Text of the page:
communication, some international researchers and media underestimate our strength, talent, and vision: most of them never bother to travel to the rural areas to gauge our organizational capacity, and yet they are so confident to write international reports saying we are “poorly organized”. If anyone bothered to do extensive ethnographic research, they would discover to their humility and surprise that PD is full of extraordinarily brilliant visionaries in the rural areas. I can give many examples of women, men, and youth in our party from whom the world can learn so much.*
NT: How do you see the role of women in national politics, and can you share your own experiences and point of view as someone within government and as scholar of everyday life struggles, particularly of the everyday life struggles of the rural poor?
JS: Yesterday, as I rode the truck to stand beside my husband on the campaign in Ermera, I realized that this space which I had forsaken is also important: if women like me and you think of politics as “dirty and corrupt” and leave it to the men to run it, what other elderly women, young girls, kids, and youth see when we drive through the roads and paddy fields is: a whole bunch of men. Try to imagine what they may be thinking: dozens of men campaigning, and no women. Where are the women? (a question which Theresa Devasahayam, the Director of Gender Studies in ISEAS, Singapore, wants me to answer for a keynote speech in October.) It seems like a simple question, but I find it extremely difficult to answer intelligently. It’s not enough for us to use our analytically sharp skills as feminists and well-trained social scientists. We also have to jump and take the risk of riding in that truck and trying to feel (not just think) of why it is that women don’t do these things: 1. they may get shot, or have their house burned down, or their kids kidnapped, or they simply don’t have childcare support; 2. the men forget to mention in the party structure that there are actually women leaders in the group, and neglect to invite them to speak; 3. their intelligence and contributions are totally under-estimated, or intentionally kept hidden and un-acknowledged (for many reasons); 4. some of us women, including myself, are just not very good nor interested in bolstering ourselves (for some Asian women, this is embarrassing — having to promote yourself).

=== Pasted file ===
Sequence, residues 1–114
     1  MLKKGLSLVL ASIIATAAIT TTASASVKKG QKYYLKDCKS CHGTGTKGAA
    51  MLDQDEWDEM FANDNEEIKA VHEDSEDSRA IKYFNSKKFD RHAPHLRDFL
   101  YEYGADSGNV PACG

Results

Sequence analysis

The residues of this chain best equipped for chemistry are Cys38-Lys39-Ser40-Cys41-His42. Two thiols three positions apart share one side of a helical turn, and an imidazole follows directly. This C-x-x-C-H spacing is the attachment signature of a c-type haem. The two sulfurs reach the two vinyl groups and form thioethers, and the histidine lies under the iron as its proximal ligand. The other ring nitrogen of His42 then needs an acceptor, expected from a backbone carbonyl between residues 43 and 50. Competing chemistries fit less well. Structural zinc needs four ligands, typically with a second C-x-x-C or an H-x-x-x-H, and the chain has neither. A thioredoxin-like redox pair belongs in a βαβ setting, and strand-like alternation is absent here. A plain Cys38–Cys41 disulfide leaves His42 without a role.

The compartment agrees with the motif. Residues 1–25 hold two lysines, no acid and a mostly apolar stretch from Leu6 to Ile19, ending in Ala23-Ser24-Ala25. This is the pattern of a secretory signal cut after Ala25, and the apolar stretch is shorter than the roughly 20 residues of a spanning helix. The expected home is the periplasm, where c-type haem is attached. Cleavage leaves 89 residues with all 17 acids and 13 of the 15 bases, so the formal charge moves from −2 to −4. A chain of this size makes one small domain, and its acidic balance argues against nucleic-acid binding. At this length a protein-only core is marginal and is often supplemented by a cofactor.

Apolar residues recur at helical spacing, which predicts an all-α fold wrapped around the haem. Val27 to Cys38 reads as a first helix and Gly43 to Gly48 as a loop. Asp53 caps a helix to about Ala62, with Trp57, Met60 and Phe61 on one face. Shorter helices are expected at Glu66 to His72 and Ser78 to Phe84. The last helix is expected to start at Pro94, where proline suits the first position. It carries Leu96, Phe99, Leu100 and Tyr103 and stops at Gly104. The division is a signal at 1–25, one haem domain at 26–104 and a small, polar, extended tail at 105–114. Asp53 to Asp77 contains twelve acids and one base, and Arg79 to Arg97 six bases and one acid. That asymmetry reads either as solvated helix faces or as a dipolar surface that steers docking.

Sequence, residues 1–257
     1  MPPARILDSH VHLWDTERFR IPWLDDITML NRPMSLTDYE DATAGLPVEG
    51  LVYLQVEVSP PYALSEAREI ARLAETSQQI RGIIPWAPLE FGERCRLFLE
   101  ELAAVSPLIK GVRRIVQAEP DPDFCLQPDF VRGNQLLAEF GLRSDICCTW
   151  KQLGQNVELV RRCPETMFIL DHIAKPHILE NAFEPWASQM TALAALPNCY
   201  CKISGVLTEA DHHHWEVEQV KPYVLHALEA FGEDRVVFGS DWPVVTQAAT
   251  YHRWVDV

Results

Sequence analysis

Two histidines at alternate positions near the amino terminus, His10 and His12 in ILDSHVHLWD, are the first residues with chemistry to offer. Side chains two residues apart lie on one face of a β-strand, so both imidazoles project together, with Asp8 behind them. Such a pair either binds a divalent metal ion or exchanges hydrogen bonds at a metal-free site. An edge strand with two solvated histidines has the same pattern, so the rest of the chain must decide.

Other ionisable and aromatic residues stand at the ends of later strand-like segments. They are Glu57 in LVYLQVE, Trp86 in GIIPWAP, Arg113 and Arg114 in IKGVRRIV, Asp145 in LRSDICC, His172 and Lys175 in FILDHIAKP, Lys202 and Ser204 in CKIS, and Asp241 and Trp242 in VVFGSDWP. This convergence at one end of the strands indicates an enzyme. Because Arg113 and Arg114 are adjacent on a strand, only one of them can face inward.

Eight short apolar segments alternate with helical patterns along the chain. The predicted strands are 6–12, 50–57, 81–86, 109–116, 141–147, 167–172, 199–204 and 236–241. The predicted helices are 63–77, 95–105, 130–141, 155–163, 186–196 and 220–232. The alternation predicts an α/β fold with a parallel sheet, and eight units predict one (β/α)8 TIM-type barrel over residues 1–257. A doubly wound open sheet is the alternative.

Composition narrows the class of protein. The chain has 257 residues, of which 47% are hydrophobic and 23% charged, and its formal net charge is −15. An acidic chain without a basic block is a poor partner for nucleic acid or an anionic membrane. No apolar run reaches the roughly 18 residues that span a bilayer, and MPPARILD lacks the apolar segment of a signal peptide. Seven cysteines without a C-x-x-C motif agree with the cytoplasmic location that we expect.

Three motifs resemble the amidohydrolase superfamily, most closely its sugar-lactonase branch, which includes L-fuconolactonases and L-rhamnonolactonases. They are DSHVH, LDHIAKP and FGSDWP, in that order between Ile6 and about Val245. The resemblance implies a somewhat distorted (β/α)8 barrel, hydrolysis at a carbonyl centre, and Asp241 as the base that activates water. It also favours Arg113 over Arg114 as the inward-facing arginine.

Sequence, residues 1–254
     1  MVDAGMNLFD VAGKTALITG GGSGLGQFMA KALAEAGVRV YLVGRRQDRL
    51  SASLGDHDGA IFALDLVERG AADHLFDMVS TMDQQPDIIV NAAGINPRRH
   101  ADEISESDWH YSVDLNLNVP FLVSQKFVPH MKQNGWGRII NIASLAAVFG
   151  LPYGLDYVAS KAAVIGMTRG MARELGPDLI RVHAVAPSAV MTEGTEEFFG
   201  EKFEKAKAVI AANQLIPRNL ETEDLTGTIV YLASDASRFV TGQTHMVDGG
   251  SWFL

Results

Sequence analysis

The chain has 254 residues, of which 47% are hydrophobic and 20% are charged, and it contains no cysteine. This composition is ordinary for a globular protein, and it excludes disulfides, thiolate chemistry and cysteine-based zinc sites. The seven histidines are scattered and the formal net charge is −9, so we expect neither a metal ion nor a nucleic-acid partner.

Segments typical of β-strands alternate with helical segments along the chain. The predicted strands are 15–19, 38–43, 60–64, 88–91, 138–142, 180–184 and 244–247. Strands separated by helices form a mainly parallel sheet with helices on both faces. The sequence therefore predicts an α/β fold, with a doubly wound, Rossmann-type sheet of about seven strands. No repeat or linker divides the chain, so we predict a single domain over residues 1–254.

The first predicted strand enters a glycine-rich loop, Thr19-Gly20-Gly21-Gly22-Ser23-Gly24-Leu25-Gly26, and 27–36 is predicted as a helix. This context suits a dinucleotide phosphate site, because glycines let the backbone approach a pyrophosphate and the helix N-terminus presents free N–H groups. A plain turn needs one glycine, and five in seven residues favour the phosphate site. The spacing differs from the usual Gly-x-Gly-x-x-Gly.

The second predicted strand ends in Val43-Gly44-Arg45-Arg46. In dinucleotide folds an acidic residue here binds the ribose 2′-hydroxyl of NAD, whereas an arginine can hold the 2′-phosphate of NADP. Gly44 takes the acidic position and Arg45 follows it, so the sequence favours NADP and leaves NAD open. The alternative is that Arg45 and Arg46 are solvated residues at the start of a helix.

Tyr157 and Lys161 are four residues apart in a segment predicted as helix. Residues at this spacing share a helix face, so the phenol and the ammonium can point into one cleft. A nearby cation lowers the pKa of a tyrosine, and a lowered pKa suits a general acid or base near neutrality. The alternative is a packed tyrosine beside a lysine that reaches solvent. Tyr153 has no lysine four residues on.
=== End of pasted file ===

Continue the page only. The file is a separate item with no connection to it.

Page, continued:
I’m also just realizing now, belatedly, that hanging out with scholars and hanging-out with ex-combatants and clandestine virtuosos of an independence struggle are very different kettles of fish. One has to forget that one is a scholar, or a political scientist. As two scholarly friends advised me: sometimes you have to close your eyes and just take the risk and jump into practical politics. Scholars tend to be always very cautious and investigating everything before they do anything. They also tend to be more interested in critical observation (ethnography and taking notes, writing history) rather than being in the middle of the storm and actively participating (as this may “jeopardize their independence”). Being and becoming a political practitioner is something
else: one has to be prepared to lose one self, and everything (including one’s privacy and time to read books and write lengthy reflective analysis in one’s journal; and/or be the target of a political assassination or road-block; not to mention being prepared for your house to be burned down and losing your entire library and archive which happened to us in 2006).
I’m sending you a photo below of me and Mau Hunu, one of the most respected and loved older generation of ex-Falintil guerrillas here in Timor Leste, who showed up in our campaign in Dili 2 days ago, giving us a lot of hope and inspiration to keep going and struggling against “militarized
masculinities”. Amazing what can happen when feminists hang-out with ex-guerrillas.
As for solidarity with poor, rural women, this is also a challenge, in a country where NGOs, the UN and others have yet to begin a critical discussion on “decolonizing solidarity.” One has to be very reflective of class politics and class conflict, not just gender, in order not to repeat the